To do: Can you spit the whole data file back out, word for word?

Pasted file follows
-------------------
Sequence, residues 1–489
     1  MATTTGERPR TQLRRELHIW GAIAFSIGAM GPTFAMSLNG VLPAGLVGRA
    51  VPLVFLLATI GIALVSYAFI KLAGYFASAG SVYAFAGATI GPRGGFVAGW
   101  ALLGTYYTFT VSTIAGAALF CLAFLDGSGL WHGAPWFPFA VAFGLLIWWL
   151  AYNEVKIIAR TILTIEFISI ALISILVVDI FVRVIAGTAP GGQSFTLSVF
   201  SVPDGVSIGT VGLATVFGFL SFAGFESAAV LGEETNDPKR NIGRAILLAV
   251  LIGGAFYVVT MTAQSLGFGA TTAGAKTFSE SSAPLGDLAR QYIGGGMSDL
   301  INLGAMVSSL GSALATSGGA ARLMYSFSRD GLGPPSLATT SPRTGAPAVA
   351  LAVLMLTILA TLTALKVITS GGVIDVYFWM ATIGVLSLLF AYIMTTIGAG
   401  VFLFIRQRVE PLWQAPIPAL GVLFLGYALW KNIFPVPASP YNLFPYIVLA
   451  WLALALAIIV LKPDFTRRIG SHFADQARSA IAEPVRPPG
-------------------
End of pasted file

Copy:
Sequence, residues 1–489
     1  MATTTGERPR TQLRRELHIW GAIAFSIGAM GPTFAMSLNG VLPAGLVGRA
    51  VPLVFLLATI GIALVSYAFI KLAGYFASAG SVYAFAGATI GPRGGFVAGW
   101  ALLGTYYTFT VSTIAGAALF CLAFLDGSGL WHGAPWFPFA VAFGLLIWWL
   151  AYNEVKIIAR TILTIEFISI ALISILVVDI FVRVIAGTAP GGQSFTLSVF
   201  SVPDGVSIGT VGLATVFGFL SFAGFESAAV LGEETNDPKR NIGRAILLAV
   251  LIGGAFYVVT MTAQSLGFGA TTAGAKTFSE SSAPLGDLAR QYIGGGMSDL
   301  INLGAMVSSL GSALATSGGA ARLMYSFSRD GLGPPSLATT SPRTGAPAVA
   351  LAVLMLTILA TLTALKVITS GGVIDVYFWM ATIGVLSLLF AYIMTTIGAG
   401  VFLFIRQRVE PLWQAPIPAL GVLFLGYALW KNIFPVPASP YNLFPYIVLA
   451  WLALALAIIV LKPDFTRRIG SHFADQARSA IAEPVRPPG